For global crises like the COVID-19 pandemic, early simulations of possible scenarios are essential, and demand the latest data science tools. In the first talk of the new academic year for the Hong Kong Institute for Advanced Study (HKIAS) Distinguished Lecture series, Way Kuo, the president and university distinguished professor of City University of Hong Kong (CityU), and a senior fellow of HKIAS, explored how data science can be harnessed to improve global pandemic management. The talk demonstrates the commitment of HKIAS to promote the role of science in addressing broader societal issues.
A renowned expert on system reliability for electronics and energy design, Kuo was the first overseas expert invited to Japan to assess the Fukushima Power Plant after the earthquakes. In his talk, Kuo drew parallels between the 2011 Tohoku earthquake and the recent pandemic to illustrate expected losses, and the C3I principle (Command, Control, Communications, and Information) for disaster management.
Transparent communications and reporting in surveillance-response systems have proved crucial for avoiding uninformed or delayed decisions, Kuo noted. “As well as timely data-driven simulations of possible scenarios to minimize losses, we should deploy a high-level emergency response unit globally for rapid decision-making, gathering subject experts from engineering, infectious diseases, behavioural science, and public health.” Concerted international efforts are invaluable, he said.
Other high-impact research featured in the lecture series was introduced by Jian Lu, chair professor of Mechanical Engineering at CityU and a senior fellow of HKIAS. He discussed research progress in additive manufacturing, a fast-growing technology with broad applications. In addressing the challenge of achieving complex-shaped architectures in ceramics and some alloys, Lu turned to 4D printing, which combines traditional 3D printing with structural deformation mechanism. “It’s 3D printing — plus programmable capability to change shape, brightness or shape,” said Lu.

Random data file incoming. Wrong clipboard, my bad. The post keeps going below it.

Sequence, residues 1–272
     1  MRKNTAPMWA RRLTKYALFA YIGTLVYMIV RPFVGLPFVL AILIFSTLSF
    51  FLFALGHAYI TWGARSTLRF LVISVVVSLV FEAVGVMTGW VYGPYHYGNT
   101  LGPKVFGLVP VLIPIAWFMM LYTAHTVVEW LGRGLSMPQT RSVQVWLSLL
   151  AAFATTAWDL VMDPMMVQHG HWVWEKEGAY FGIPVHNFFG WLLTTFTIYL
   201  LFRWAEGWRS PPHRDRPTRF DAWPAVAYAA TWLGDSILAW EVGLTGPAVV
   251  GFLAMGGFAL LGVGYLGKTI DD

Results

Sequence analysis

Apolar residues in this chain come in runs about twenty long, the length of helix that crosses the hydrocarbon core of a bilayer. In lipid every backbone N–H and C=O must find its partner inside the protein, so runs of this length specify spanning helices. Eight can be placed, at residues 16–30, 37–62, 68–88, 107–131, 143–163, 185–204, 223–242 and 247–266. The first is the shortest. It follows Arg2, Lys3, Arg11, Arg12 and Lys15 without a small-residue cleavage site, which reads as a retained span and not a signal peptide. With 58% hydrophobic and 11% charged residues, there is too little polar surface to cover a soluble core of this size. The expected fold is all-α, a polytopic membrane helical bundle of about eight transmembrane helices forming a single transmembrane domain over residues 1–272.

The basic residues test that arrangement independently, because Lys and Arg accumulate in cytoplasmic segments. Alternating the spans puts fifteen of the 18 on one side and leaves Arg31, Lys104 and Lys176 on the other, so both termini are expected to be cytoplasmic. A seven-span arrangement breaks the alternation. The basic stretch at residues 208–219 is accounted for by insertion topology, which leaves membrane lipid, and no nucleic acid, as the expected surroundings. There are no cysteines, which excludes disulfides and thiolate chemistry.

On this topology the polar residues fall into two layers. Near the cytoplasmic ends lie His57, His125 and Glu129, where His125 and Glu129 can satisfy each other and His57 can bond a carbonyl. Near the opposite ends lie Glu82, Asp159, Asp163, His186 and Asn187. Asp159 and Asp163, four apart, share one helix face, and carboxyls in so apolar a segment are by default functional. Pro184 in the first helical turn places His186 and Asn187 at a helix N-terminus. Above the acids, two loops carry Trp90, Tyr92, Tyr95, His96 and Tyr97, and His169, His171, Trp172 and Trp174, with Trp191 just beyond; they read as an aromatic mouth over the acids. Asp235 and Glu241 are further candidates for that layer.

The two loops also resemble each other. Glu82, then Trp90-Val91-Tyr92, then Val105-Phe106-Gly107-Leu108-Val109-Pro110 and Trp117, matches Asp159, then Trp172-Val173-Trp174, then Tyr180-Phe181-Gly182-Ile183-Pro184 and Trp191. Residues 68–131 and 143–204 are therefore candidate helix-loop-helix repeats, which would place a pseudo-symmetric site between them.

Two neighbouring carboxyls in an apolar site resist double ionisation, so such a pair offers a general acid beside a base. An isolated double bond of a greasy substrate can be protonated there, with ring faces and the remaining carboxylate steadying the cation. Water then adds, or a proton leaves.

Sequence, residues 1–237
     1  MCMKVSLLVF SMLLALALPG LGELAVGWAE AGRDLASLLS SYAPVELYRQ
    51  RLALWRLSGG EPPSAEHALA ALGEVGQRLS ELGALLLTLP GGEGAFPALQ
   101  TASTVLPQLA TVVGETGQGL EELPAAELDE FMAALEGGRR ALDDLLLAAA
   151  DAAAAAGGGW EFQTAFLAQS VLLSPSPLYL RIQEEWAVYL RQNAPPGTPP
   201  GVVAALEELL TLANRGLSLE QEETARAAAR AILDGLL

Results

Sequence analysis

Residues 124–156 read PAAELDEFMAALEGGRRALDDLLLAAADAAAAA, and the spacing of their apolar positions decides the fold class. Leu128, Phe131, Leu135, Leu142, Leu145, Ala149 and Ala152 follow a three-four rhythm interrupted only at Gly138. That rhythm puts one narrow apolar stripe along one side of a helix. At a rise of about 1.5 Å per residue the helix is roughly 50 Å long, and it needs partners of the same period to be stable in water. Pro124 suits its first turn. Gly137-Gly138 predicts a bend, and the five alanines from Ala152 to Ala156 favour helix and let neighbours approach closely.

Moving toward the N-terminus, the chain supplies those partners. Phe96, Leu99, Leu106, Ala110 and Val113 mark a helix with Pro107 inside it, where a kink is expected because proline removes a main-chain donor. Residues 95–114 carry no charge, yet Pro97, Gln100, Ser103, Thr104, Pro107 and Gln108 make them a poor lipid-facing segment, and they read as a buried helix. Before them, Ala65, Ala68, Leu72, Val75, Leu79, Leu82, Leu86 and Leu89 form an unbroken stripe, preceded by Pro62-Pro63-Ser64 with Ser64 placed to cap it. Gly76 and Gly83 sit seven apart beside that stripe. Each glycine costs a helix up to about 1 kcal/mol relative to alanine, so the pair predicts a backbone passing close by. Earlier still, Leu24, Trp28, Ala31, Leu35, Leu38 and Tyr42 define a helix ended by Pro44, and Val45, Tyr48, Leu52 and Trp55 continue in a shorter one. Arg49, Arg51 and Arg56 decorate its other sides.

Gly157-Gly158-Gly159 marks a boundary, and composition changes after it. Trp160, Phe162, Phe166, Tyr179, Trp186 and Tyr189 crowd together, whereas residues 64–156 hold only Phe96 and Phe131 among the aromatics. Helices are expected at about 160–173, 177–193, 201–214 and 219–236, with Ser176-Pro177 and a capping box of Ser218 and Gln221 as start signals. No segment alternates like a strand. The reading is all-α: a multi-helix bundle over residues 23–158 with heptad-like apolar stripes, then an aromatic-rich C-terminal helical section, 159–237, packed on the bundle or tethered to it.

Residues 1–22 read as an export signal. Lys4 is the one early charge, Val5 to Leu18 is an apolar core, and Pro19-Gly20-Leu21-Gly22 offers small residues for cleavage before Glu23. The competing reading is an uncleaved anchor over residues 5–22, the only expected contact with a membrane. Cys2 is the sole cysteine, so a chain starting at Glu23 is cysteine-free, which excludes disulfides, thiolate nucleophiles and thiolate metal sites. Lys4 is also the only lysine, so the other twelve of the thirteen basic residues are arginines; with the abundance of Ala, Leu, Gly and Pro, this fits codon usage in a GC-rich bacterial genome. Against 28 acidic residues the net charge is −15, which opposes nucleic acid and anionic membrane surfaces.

Lu outlined the concepts of supra-nanostructured and nanostructured dual-phase (glass-nanocrystal) alloy composites, which have high strength and deformation capacity. 4D printing enables more complex shapes to be created. Particularly, for ceramic precursors that are typically rigid and difficult to deform, Lu’s team developed new, stretchable ceramic precursors that can be 4D-printed with great flexibility. “Printing with elastomer-derived ceramics can overcome shortcomings of traditional ceramics, adapting to hostile environments, including extreme temperatures in outer space,” said Lu.
Promoting scientific exchanges
Supported in part by the Kwang Hua Educational Foundation, the lecture series encapsulates HKIAS’s goals to push the boundaries of knowledge through interdisciplinary collaboration. Driving multidisciplinary endeavours has been crucial for HKIAS. Apart from providing a platform for idea exchange, the institute also hope to foster new collaborations and research projects.
Launched at CityU in 2015 to contribute to solving pressing problems through research, HKIAS has witnessed significant growth. It has become a dynamic centre of scientific advancement for a multidisciplinary team of world-renowned scholars that is still expanding.
While this was the first time for HKIAS to conduct lectures online, the format has proved popular, with almost 400 online participants for Kuo’s lecture. HKIAS senior fellows will continue sharing their latest research findings across interactive digital channels, engaging broader audiences in real time, and leveraging the creativity of its global community of scholars.